The masses, now free to organise themselves and put their creativity to work, have brought about new forms of organising and opened new debates in whole new sectors of society. Even the "escuálidos", Chavez's staunchest supporters mainly grouped in the network of the Bolivarian circles, have changed their name. Now they are popularly called the "Talibans", and the name of their most famous leader, Lina Ron, has become a synonym for somebody with very strong opinions. Literally having nothing to lose the "Talibans" have become ruthless in their attack against the ruling class and their sympathisers, turning up by the hundreds at the slightest provocation of the opposition and marching by the thousand, demanding justice for the people assassinated by the Metropolitan Police and the paramilitary opposition groups.

The right to an education has become a key question to win the support of the youth, who had never been very close to Chavez. The decision of the capitalist class to extend the "general strike" to the schools, threatening students with losing the curricular year, has caused the mobilisation of thousands of young people and their parents.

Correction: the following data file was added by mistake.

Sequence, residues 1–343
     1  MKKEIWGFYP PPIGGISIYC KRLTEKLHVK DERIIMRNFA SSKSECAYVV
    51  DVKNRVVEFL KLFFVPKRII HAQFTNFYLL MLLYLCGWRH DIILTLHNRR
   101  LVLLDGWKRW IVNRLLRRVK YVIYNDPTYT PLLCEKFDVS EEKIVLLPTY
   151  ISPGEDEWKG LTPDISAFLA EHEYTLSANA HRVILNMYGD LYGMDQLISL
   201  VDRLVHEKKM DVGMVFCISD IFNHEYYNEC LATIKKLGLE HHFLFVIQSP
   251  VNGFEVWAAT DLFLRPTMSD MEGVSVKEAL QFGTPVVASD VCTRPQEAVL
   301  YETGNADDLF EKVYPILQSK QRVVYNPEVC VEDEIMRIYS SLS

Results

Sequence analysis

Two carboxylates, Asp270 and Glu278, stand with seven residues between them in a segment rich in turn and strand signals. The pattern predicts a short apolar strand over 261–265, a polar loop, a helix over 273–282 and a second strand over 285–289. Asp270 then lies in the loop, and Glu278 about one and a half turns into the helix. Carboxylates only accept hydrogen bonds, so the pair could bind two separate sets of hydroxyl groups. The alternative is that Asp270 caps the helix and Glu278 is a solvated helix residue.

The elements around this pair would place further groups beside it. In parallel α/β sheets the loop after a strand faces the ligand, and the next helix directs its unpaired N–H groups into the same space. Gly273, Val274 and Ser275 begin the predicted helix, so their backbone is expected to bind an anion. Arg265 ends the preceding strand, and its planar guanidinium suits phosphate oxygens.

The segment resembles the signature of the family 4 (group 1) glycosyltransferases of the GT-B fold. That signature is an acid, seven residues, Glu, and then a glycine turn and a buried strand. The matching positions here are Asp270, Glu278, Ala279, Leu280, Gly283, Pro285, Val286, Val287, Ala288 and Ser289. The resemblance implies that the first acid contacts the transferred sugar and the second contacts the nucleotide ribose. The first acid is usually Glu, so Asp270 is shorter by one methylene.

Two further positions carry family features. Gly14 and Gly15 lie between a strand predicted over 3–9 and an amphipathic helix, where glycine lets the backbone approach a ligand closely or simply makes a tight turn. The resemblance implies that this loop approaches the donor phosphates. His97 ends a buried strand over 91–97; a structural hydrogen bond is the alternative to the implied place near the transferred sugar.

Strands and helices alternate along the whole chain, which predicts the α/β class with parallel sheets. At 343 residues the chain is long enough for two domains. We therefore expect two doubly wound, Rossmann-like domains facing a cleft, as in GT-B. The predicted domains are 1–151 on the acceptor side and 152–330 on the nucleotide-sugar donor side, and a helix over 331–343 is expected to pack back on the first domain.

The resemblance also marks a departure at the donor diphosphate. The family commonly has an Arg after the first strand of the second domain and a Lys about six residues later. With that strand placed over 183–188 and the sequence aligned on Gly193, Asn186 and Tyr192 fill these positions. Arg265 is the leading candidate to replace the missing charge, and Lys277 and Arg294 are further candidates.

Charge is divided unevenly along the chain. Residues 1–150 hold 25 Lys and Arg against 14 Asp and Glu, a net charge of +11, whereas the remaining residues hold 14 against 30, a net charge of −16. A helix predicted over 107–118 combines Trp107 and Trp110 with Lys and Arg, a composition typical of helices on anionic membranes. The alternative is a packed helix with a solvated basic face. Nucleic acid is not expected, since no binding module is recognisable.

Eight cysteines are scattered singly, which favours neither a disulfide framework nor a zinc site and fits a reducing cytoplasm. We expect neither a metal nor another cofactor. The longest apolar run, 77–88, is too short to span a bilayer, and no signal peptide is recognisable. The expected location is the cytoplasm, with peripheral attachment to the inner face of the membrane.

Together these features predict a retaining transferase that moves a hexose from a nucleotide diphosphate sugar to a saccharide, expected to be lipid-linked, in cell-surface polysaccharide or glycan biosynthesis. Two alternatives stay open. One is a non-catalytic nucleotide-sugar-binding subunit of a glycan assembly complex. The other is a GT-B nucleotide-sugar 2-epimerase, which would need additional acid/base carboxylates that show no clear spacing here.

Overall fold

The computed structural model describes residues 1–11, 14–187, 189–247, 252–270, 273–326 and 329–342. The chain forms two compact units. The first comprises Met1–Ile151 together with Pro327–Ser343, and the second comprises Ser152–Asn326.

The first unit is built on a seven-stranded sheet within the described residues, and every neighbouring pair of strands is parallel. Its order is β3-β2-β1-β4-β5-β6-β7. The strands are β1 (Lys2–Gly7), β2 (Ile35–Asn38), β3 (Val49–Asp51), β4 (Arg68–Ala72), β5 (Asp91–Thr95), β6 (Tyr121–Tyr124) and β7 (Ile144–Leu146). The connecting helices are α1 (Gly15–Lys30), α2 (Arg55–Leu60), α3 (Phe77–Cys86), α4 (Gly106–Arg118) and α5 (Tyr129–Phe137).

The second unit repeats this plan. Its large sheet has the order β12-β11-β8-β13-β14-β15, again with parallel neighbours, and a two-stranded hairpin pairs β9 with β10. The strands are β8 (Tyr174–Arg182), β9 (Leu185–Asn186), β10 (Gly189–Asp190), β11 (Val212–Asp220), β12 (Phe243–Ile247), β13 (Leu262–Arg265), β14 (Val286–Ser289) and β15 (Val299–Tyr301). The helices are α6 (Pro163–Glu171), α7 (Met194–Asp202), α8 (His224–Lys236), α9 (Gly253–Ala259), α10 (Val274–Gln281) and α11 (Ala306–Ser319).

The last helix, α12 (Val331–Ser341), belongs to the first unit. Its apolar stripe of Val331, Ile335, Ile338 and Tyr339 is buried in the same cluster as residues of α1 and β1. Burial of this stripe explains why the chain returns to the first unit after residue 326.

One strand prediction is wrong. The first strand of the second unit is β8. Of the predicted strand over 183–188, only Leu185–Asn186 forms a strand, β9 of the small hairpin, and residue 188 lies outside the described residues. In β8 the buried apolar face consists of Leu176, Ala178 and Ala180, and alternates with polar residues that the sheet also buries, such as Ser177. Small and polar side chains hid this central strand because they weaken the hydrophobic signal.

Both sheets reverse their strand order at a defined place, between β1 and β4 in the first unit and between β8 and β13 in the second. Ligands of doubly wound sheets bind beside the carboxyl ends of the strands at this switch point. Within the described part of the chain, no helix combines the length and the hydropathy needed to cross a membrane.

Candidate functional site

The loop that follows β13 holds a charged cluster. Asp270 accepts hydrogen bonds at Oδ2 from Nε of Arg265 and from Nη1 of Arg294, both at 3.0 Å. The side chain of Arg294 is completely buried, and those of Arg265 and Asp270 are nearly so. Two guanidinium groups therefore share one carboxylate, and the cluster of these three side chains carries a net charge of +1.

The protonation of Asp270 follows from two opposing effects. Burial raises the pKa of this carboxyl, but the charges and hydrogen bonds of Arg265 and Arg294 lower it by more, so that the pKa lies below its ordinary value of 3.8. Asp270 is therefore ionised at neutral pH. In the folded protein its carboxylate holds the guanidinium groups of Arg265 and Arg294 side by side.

Parents whose children go to private schools have also mobilised against the strike, as these schools demand that they pay their fees even if there are no classes. In their marches they have been accompanied by teachers and workers of the educational system who mobilise for their right to work. But the most important developments are taking place among the working class.